- La Mer, symphonic sketches (3) for orchestra, L. 109
- Nocturnes, for female chorus & orchestra, L. 91
- Prélude à l'après-midi d'un faune (Prelude to the Afternoon of a Faun), for orchestra, L. 86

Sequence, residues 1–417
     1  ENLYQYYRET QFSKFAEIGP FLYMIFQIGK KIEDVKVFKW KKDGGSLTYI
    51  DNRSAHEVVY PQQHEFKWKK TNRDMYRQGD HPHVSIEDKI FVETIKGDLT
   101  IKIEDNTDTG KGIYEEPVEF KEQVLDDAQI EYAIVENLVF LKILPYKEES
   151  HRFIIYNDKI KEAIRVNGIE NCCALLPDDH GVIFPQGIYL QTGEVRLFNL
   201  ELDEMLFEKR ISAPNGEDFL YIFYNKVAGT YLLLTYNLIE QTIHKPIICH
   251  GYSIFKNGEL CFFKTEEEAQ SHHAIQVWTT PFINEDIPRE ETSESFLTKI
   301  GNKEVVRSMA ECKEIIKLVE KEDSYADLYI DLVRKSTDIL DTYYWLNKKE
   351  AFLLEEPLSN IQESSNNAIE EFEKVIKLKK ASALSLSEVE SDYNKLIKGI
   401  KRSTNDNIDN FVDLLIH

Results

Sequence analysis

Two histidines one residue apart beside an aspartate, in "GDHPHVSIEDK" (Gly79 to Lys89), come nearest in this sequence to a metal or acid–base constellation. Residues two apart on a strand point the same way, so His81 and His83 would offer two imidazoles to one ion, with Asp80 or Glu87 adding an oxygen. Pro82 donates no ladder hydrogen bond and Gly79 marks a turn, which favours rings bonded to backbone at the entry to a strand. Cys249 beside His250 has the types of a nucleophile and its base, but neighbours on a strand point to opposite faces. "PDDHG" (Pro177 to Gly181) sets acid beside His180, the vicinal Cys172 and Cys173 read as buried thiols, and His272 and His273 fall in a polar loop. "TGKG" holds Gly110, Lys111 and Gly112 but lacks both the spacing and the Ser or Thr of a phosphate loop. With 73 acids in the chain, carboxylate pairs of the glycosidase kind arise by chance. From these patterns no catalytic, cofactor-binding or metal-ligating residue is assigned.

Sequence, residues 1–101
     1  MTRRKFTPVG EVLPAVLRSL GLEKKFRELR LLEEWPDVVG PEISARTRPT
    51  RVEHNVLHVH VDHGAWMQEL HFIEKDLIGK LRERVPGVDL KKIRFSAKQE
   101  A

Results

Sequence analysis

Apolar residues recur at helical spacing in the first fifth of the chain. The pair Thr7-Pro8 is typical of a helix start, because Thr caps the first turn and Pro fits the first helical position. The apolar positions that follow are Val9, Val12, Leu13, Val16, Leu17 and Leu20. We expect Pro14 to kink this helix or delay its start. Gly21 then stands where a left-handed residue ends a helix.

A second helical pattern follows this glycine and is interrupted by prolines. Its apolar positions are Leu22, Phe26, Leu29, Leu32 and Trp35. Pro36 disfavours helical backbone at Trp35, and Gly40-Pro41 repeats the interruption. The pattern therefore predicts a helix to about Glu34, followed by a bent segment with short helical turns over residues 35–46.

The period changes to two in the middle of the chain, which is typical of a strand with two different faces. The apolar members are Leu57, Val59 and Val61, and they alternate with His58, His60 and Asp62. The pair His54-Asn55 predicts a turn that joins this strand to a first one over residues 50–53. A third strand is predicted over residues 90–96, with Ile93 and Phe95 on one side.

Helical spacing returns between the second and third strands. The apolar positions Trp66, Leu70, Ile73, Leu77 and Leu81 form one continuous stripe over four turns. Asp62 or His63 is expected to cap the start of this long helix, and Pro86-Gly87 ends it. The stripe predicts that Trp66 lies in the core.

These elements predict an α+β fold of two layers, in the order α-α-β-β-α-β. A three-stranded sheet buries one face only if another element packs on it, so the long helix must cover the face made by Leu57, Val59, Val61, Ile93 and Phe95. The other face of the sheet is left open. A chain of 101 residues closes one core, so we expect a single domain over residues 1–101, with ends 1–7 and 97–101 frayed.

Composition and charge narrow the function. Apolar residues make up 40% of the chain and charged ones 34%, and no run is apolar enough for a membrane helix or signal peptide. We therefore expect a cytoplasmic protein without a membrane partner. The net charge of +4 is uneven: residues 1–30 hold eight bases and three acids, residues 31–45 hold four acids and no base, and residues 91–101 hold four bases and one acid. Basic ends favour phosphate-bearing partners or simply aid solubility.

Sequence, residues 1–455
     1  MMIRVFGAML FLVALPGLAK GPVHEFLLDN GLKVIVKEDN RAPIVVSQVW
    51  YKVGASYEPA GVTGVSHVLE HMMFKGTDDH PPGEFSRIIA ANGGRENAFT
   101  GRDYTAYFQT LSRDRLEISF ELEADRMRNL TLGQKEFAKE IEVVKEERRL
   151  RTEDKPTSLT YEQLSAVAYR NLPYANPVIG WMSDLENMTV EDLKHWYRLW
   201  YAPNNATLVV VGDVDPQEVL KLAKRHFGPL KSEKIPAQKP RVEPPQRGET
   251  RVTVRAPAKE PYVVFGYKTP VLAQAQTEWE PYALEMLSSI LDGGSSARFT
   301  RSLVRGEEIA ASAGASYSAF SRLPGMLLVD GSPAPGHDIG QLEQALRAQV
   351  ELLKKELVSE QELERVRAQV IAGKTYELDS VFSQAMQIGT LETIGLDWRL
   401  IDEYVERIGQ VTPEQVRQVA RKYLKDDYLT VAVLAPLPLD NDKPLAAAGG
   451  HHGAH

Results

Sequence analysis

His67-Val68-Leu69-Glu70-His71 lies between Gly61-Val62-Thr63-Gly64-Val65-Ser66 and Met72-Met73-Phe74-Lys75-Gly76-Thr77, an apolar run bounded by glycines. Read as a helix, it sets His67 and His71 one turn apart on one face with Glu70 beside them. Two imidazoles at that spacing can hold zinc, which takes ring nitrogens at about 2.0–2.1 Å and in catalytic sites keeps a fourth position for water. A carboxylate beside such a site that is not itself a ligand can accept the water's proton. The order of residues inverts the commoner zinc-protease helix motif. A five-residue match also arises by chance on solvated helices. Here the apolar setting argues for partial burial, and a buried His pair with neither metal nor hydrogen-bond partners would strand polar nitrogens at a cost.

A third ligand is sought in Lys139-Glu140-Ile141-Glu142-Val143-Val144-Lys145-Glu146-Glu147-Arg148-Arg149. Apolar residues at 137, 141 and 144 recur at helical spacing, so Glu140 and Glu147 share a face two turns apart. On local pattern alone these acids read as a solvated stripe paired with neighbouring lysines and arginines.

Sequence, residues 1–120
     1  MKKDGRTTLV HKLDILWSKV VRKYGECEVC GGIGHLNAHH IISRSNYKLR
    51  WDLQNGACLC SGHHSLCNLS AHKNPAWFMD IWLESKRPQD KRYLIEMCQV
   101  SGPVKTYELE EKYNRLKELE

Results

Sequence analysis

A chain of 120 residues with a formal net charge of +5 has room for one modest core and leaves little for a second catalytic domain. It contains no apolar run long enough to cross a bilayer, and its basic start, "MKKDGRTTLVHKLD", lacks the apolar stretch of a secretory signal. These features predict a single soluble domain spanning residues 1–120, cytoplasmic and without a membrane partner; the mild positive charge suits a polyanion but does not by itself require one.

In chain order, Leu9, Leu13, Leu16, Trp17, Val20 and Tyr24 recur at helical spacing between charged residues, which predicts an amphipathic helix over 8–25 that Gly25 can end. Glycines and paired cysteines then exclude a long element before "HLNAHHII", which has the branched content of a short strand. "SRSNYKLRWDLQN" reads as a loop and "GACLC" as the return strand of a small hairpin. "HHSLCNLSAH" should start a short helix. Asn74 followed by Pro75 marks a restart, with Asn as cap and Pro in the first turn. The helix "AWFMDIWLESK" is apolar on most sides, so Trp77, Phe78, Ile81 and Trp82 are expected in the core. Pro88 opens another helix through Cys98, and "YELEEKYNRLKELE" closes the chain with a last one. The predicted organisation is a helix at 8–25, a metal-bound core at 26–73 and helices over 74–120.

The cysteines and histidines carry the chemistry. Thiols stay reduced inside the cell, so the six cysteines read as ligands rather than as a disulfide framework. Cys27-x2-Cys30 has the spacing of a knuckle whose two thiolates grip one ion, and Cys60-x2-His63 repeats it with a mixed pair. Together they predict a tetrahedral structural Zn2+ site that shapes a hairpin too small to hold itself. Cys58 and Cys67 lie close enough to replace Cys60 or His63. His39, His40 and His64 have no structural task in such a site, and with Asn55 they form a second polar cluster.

Since Claude Debussy's classic orchestral works "La Mer," "Nocturnes," and "Prélude à l'après-midi d'un faune" are masterpieces of diaphanous color, muted shadings, and continually changing dimensions, it takes a light and careful touch to bring off their extremely subtle effects without making them sound like Impressionistic daubs and smears, and more than a little sensitivity and imagination to give them a sense of mystery and magic. The London Symphony Orchestra and Chorus, conducted by Rafael Frühbeck de Burgos, seem to approach Debussy's works with sufficient respect and comprehension of his evolving textures and kaleidoscopic orchestration, yet their polish and occasional heavy-handedness tend to make these pieces seem more like clichéd film music than is palatable. Orchestral depth and atmosphere are lacking in these slick performances, and the sense of passing from one level into deeper layers is missing in these flattened interpretations, particularly in "Prélude." One might fault the sound quality, but these 1989 digital recordings actually have a wide frequency range and seem clear and focused enough to capture a nuanced performance. Unfortunately, the conductor and the orchestra merely provide professional readings that deliver the notes with efficiency and some flair, but which feel too glossy and shallow to get excited about.